Dr. Grehan initially worked in general nursing and midwifery and has a Doctorate (Ph.D) in History. In 2013-2014 she received a C. J. La Trobe Society Fellowship and at present she holds a John Oxley Library Fellowship for memorialising the profession of nursing in Queensland. From this arose her interest in the registration of births, deaths and marriages (B.D.M.s).
The credit for introducing registration of B.D.M.s into Victoria goes to an actuary named William Henry Archer (1825-1909). However it was C. J. La Trobe, the first Governor of Victoria who instigated the pioneering legislation before Archer arrived in Australia.
It is unclear why La Trobe introduced the Bill but he may have been influenced by the first civil registration in Van Diemens Land (VDL) when he was seconded there in late 1846 - early 1847.
La Trobe passed the Bill for Registration of Births, Deaths and Marriages to the Legislative Council on 29th October 1852 and ten weeks later on 11th January 1853 it passed into law. Similar to that which had been proposed in VDL, it received La Trobe's assent a week later on the 18th January 1853. La Trobe stated "I look upon the Act as no small importance to the Colony."
Whilst the Bill was being considered by the Legislative Council, William Henry Archer arrived in Victoria. Born in 1825 in London, Archer was passionate about life, death and statistics. At the age of 16 he started an apprenticeship with the Medical, General and Life Insurance Company and for seven years he was under the supervision of Francis Neison, a giant of statistics in Britain. After converting to Catholicism he was employed by the Catholic Law & General Life Insurance Company and when that proved to be unsatisfactory he migrated to Australia.
On his third day in Melbourne Archer learnt that the Registrar General's Office was to appoint an officer to oversee the registration of Deeds; Births, Deaths & Marriages; and compilation of statistics pertaining to all aspects of registration. Archer met La Trobe and the Auditor General, Hugh Childers, however La Trobe gave the position to his secretary's brother, Frederick Campbell. Archer thought the position was best suited to him.
His letters to the "Herald" newspaper declared that Victoria's scheme would become the best in the Empire if people with intelligence and the right ability were chosen to implement the Act.
He wrote to Captain William Lonsdale, the Colonial Secretary, and applied for a position in Colonial Administration, setting out his credentials. He wrote again, a fortnight later and this time Lonsdale offered him a position as clerk to work on the Statistical Registers (Blue Books) with a salary of £150. Within a month Lonsdale instructed Archer to draw up a general guidance plan for the Chief Registrar and the Deputy Registrars who would be those responsible for registering the Births, Deaths and Marriages in Victoria.
It took Archer under two weeks to draw up his proposal. His submission went to La Trobe via Lonsdale and he recommended himself to implement the scheme. He pointed out deficiencies in the recently passed statute.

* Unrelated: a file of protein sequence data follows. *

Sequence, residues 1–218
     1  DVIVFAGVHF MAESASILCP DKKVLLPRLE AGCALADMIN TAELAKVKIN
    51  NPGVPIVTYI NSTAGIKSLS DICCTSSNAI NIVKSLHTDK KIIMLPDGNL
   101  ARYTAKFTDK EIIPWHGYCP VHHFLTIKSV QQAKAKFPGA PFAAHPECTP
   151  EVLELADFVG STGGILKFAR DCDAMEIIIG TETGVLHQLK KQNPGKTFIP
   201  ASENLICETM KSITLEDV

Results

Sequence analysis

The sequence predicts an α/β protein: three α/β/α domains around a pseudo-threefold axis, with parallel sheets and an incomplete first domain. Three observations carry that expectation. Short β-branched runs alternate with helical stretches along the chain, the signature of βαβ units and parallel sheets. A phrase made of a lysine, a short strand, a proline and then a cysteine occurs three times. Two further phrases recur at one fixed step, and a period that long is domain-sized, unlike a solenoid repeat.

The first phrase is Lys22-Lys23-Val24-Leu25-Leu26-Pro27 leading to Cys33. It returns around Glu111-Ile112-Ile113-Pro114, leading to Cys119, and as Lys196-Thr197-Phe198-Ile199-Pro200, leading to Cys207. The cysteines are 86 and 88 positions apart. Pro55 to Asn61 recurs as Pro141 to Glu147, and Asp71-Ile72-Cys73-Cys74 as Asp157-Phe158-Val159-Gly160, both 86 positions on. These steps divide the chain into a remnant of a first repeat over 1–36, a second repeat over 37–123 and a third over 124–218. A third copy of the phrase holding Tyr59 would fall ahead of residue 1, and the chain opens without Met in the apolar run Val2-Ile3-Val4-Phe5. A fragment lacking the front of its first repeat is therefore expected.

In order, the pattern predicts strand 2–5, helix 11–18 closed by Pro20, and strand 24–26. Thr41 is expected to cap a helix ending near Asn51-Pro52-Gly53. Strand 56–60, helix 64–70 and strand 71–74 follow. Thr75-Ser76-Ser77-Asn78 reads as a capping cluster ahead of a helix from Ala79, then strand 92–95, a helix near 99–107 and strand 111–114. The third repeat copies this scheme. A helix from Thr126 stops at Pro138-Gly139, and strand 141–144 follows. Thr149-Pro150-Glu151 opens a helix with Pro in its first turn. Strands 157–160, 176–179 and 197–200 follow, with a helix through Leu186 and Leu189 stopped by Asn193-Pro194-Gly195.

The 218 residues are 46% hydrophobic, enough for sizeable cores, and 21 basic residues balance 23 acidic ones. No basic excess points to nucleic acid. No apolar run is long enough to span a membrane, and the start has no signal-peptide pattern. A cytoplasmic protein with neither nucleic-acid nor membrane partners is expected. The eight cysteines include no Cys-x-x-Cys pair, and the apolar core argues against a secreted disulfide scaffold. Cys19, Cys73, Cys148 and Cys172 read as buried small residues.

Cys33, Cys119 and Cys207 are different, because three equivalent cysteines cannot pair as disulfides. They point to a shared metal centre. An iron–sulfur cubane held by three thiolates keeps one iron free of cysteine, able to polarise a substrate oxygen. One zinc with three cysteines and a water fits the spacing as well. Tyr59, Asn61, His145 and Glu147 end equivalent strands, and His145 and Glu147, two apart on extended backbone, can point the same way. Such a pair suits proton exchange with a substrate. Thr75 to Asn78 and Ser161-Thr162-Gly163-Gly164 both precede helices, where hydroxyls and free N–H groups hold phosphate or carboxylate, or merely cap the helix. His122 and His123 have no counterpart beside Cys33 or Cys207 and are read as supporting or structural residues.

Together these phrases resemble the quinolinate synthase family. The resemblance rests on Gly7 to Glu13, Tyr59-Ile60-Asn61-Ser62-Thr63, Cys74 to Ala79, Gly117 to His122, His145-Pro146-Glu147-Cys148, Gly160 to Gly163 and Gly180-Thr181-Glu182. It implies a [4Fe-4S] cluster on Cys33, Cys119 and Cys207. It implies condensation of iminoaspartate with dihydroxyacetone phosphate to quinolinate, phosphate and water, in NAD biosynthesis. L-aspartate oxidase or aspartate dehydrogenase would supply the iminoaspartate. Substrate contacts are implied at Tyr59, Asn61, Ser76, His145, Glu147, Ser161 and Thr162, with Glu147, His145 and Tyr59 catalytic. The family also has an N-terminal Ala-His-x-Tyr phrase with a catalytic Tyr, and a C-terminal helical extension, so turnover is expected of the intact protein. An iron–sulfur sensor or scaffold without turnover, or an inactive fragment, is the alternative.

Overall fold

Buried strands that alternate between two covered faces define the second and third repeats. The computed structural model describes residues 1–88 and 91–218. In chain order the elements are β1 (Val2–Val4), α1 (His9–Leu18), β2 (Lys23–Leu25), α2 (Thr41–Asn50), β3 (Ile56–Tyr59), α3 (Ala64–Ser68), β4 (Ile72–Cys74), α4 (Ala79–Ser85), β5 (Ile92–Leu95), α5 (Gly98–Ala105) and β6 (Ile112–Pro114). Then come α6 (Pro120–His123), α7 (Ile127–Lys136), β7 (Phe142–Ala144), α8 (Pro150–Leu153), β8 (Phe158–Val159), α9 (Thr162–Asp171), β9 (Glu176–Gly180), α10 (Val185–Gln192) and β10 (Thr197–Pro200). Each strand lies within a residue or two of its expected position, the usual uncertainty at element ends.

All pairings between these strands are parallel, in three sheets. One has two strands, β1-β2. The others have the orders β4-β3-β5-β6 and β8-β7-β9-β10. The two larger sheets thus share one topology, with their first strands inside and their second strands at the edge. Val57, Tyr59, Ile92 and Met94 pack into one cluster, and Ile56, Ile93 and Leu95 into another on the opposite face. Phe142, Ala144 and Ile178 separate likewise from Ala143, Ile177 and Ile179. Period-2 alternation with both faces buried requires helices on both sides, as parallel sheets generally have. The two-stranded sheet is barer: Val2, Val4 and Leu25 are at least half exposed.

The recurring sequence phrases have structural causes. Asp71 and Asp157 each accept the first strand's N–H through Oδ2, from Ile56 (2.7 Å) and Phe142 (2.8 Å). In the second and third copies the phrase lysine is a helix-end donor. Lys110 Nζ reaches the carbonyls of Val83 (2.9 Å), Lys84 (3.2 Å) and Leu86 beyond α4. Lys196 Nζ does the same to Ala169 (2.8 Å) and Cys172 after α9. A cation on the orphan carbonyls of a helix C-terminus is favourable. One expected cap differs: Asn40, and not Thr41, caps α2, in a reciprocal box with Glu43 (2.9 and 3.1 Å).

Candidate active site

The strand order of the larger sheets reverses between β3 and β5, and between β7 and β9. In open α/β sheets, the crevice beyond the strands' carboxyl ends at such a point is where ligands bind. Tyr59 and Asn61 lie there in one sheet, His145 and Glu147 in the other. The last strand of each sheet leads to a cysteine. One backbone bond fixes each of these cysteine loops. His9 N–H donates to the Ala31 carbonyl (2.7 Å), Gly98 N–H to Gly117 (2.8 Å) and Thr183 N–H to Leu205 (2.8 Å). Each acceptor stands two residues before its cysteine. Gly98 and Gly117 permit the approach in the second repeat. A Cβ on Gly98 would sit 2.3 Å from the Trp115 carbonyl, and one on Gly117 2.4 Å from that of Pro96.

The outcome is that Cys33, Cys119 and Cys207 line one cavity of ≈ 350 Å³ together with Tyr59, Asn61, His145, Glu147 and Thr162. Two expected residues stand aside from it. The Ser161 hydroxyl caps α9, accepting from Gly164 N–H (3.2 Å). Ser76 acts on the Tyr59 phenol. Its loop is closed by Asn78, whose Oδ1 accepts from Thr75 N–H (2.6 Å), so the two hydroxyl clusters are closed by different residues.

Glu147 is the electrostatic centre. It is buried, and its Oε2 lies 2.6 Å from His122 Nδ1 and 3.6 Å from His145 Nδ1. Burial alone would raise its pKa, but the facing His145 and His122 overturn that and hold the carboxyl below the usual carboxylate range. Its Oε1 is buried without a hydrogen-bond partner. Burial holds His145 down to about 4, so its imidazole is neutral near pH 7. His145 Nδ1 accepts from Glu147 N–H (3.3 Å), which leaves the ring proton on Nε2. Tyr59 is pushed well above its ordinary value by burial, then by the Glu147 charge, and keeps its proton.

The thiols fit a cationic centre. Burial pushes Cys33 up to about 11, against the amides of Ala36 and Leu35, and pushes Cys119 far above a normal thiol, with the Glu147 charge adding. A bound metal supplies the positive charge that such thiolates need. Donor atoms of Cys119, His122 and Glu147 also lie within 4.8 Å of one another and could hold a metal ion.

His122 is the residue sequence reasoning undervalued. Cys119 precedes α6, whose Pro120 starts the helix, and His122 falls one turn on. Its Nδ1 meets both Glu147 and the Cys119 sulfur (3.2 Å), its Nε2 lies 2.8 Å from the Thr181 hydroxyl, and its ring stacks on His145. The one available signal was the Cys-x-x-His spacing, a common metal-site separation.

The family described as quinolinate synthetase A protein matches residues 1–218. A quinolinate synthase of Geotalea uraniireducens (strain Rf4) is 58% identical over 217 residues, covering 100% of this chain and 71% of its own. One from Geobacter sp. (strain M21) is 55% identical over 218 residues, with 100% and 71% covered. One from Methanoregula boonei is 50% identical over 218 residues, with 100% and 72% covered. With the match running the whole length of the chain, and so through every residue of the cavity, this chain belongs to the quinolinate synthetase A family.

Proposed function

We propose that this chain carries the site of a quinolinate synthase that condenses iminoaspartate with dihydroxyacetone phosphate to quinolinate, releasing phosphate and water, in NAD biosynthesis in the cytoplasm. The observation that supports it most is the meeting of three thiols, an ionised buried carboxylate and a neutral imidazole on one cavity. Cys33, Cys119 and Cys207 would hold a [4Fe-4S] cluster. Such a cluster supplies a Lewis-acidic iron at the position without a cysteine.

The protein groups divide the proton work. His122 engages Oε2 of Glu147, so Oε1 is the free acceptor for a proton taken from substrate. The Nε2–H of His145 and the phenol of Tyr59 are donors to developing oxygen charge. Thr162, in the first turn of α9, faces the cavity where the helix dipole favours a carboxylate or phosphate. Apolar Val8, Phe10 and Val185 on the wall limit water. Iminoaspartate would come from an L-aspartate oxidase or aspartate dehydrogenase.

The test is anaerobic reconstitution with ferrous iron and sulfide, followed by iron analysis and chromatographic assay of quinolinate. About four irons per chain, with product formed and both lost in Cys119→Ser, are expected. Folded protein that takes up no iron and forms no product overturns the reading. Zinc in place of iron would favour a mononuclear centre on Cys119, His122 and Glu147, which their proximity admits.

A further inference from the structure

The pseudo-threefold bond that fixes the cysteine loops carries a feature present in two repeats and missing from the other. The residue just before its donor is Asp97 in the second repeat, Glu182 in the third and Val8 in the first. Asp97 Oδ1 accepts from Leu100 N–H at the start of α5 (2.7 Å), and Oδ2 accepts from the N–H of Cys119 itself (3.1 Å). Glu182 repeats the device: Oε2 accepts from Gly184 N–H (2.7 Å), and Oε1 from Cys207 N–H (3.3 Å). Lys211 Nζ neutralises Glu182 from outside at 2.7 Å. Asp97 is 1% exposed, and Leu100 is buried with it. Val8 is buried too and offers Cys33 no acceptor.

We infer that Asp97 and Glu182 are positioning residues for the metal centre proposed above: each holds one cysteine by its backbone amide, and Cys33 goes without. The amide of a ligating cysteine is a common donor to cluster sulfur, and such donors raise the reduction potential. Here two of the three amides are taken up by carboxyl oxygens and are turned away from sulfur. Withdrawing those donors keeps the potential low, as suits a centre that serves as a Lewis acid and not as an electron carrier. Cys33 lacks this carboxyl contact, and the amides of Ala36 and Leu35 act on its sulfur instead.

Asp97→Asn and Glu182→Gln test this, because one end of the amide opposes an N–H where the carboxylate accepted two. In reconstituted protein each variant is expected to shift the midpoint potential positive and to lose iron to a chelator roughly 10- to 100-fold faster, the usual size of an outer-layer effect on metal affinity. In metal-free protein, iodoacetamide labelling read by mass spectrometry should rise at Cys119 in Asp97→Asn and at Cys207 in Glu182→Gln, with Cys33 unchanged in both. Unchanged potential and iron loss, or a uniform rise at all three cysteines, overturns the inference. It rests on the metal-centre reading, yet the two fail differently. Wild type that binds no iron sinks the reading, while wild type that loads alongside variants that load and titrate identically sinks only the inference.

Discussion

In Archer's proposal the registration districts were fixed and clearly defined to tally with the census districts.
Archer proposed with birth registrations that the surname and rank of the father be in one column with place of birth, and not in two columns. Details of mother should include maiden name. That place of marriage for parents should be recorded and number of issue living or deceased. Details of the informant should indicate relationship to the newborn. He introduced a column for a witness, usually a midwife, nurse or accoucheur.
For twin births, the order of birth (for inheritance purposes) should be noted and for deaths the place of burial and a witness had to be recorded.
Errors in a registration could be corrected within six months by making a new entry as erasure was not allowed. Births had to be registered within sixty days. If twelve months had passed it was illegal for a Deputy Registrar to register the birth.
Archer was interested in 'nosological classifications' of diseases, and thought doctors should sign death records, giving cause of death, duration of condition and when the deceased last saw a doctor.
Compulsory Registration began on the 1st July 1853 in 35 locations within 16 registration districts and prior to that date there was an enormous advertising campaign.
Archer was bitterly disappointed when La Trobe appointed his Private Secretary, Major Norman Campbell, J.P., to the post of Registrar General in December 1853. However Archer maintained his salary, received £300 for house rent and was granted a gratuity of £200 from La Trobe. At a Levee held on Friday 5th May 1854 Archer had the special honour of La Trobe shaking his hand and congratulating him on his success.
He travelled Victoria visiting isolated properties. He advised local registrars, emphasising the importance of good handwriting (no flourishes) and spelling. He checked conditions for storing the records and ensured two copies were being made as four times a year one copy had to be sent to the Registrar General's Office. Archer was happy. He had the support of the press, was relieved of much responsibility and was awarded credit for good results. He was good friends with Norman Campbell and was paid well.
Archer deemed the scheme and its implementation a triumph. That C. J. La Trobe should introduce the Act to the Legislative Assembly just prior to the time Archer arrived in the Colony was fortuitous.
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